Laurent Mercier/Endurance-Info.com, translation by Rainier Ehrhardt
Last Friday, SRO Motorsports Group celebrated its 2012 champions in London at the Grand Connaught. In addition to the World GT1 champs, the other SRO-branded series laureates were recognized, including the Blancpain Endurance Series, the GT3 European Championship, the British GT Championship, the Cooper Tires British Formula 3 International Series, the HDI Gerling Dutch GT Championship, the AirAsia Renault UK Clio Cup and the Brazilian GT Championship.
During the occasion, the head of SRO, Stéphane Ratel, took the opportunity to explain a few of his plans for next season with the FIA GT World Series. Although it was thought he was upset with the FIA, there will, after all, be a title given to the champs of the series by the FIA. This was the idea put forth by the Frenchman during a press conference at this year's 24 Hours of Spa, and that hasn't changed.
So, fans will have two main championships to see, the GT Sprint and the Blancpain Endurance Series. Teams participating in both will be eligible for the world Teams and Manufacturers title at the end of the year.
Details are still to be released, but expect seven "Sprint Series" meetings and five Blancpain Endurance Series weekends, including the traditional 24 Hours of Spa. In total, this world championship will include 12 events run under familiar formats: two one-hour races in Sprint, and three rounds of three hours in Blancpain, plus one six-hour and one 24-hour race.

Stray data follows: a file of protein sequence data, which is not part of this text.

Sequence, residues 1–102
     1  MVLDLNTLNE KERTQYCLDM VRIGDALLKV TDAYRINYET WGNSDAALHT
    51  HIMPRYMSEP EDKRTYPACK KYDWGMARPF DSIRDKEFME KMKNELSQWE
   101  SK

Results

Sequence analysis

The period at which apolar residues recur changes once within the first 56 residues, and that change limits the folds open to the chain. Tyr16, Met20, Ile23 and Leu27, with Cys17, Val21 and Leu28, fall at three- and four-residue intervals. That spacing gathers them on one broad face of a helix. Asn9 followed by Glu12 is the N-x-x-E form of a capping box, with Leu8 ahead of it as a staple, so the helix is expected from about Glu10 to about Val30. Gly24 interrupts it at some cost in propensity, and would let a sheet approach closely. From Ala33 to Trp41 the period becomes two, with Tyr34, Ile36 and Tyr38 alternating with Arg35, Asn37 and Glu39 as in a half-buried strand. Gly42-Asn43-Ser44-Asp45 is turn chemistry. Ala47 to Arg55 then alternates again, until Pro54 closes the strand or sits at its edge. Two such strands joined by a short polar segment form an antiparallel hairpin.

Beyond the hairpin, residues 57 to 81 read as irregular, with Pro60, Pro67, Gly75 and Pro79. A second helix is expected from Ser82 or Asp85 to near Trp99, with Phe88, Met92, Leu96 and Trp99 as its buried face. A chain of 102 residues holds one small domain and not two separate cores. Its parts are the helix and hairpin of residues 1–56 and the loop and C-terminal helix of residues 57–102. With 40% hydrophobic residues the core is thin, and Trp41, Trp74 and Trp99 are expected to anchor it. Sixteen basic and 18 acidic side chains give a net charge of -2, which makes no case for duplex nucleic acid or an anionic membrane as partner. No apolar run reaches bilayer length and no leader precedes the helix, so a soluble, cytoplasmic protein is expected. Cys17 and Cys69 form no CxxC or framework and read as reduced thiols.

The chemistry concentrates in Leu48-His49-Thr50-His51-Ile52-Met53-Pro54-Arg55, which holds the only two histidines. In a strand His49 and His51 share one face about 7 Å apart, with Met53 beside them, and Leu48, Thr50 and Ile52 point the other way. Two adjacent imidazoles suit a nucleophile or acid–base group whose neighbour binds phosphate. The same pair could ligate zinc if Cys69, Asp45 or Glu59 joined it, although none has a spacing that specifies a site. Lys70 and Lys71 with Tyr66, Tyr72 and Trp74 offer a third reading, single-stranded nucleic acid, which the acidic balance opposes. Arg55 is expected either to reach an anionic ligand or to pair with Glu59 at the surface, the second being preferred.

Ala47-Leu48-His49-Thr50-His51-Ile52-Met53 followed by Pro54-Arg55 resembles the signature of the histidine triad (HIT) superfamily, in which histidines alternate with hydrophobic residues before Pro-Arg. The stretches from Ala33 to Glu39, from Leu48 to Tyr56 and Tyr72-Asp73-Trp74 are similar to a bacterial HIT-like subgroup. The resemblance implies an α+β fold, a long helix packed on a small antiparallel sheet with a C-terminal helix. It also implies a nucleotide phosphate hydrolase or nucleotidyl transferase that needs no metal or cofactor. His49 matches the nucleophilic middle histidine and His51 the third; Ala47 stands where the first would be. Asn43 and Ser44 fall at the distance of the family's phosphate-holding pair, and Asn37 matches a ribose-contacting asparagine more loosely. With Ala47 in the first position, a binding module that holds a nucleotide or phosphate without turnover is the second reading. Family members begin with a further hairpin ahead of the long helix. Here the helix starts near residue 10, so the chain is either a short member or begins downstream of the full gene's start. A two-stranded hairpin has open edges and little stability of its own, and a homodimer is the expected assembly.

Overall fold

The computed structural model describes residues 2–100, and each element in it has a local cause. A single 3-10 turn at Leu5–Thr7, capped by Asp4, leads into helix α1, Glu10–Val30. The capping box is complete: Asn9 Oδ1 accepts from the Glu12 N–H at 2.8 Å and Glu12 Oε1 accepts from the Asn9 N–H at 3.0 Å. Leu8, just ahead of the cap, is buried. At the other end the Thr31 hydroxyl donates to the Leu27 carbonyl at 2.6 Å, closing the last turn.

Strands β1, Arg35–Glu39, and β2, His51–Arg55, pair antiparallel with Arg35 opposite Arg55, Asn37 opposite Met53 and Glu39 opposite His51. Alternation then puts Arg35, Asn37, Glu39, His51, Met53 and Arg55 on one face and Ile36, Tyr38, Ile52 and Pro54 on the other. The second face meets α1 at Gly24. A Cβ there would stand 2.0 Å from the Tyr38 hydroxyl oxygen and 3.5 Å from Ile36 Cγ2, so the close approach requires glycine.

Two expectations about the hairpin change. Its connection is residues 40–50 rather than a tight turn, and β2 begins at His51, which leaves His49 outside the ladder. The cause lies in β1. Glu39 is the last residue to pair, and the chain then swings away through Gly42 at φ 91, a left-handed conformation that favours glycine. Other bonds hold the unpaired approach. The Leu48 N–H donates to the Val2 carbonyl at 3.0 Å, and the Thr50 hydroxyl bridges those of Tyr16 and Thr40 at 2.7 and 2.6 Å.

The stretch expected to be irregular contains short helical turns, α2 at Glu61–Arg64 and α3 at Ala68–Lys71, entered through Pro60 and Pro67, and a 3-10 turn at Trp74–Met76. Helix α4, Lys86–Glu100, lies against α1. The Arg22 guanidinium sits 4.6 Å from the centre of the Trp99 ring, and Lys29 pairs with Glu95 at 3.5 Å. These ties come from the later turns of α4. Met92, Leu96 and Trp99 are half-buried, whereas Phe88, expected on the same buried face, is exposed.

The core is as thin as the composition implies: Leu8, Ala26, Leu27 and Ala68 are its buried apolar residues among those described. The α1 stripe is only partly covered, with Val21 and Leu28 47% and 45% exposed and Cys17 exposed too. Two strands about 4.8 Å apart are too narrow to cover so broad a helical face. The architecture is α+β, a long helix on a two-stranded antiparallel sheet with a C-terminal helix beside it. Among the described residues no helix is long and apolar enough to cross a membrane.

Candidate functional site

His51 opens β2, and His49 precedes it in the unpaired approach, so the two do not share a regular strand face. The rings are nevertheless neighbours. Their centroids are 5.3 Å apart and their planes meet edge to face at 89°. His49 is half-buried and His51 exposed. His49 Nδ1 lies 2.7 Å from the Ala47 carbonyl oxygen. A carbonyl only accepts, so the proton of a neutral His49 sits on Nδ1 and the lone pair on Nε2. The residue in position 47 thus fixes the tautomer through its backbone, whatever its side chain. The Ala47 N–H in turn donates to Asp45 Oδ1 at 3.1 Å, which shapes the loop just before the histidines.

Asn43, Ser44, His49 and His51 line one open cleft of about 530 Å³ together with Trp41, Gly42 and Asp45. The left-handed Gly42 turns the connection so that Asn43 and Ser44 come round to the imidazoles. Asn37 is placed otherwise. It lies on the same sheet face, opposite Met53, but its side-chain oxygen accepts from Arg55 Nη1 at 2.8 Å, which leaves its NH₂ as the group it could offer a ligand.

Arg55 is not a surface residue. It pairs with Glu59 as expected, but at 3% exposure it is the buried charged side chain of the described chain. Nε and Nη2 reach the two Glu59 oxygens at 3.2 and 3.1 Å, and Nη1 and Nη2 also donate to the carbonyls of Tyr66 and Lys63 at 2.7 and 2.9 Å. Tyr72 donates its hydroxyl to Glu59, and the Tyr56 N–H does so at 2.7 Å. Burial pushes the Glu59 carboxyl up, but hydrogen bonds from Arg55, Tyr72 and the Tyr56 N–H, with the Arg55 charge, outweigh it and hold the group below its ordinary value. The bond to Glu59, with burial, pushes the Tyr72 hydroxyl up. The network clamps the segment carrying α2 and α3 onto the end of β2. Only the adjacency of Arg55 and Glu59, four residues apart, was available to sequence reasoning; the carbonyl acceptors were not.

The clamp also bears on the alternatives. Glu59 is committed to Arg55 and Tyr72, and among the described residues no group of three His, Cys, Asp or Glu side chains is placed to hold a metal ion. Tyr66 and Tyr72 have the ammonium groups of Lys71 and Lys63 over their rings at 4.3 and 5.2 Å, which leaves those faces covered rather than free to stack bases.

The Blancpain series will once again include three classes: Pro, Pro-Am and Gentleman Trophy. In the Sprint Series, Pro and Silver are planned. The Sprint season will begin mid-February in Abu Dhabi at the Yas Marina Circuit. This was where the then-new World GT1 Championship started life in 2010. Then it's on to Nogaro for the traditional Easter Cup at the end of March before heading to Belgium for the Zolder round in the latter part of April, held the same weekend as the Supercar Challenge. In May, the series will continue to Germany, to race on a track to be determined before heading to Zandvoort in the Netherlands for the 14th of July and the Slovakia Ring in August. Finally, in order to have a third continent on the schedule, Brazil is being talked about to close out the season. Personally, and drivers as well, we would like to see the series return to San Luis, Argentina.
As for teams interested in contesting the entire championship, the major players in the old World GT1 series are likely to respond positively. Those are All Inkl Münnich Motorsport, Hexis Racing, Vita4One Racing Team, Reiter Engineering, Belgian Audi Club Team WRT, AF Corse and Sunred. We also know through reliable sources that HEICO Motorsport would also like to enter the series with Mercedes. At least five other teams have confirmed to us that they are actively working on the matter and would like to join in the fray. Of course, the GT3 cars will be of the party, and it's planned that the number of teams per manufacturer allowed will be larger, which should be a good thing. As Tourist cars have their sprint championship in the form of WTCC, the GT world is looking to have its own version. Critics will say the World GT1 didn't work, but here the proposed package is different and much more attractive.
We know two worlds are colliding, with, on one side GTE and the other GT3. We saw in the International GT Open series in Barcelona last weekend that a well-run GT3 was able to follow a well-run GTE's pace (both from the same manufacturer as well). Last April, Stéphane Ratel told us he would be tenacious, which has been the case. In addition to his tenacity, he also has an endless supply of passion for the sport...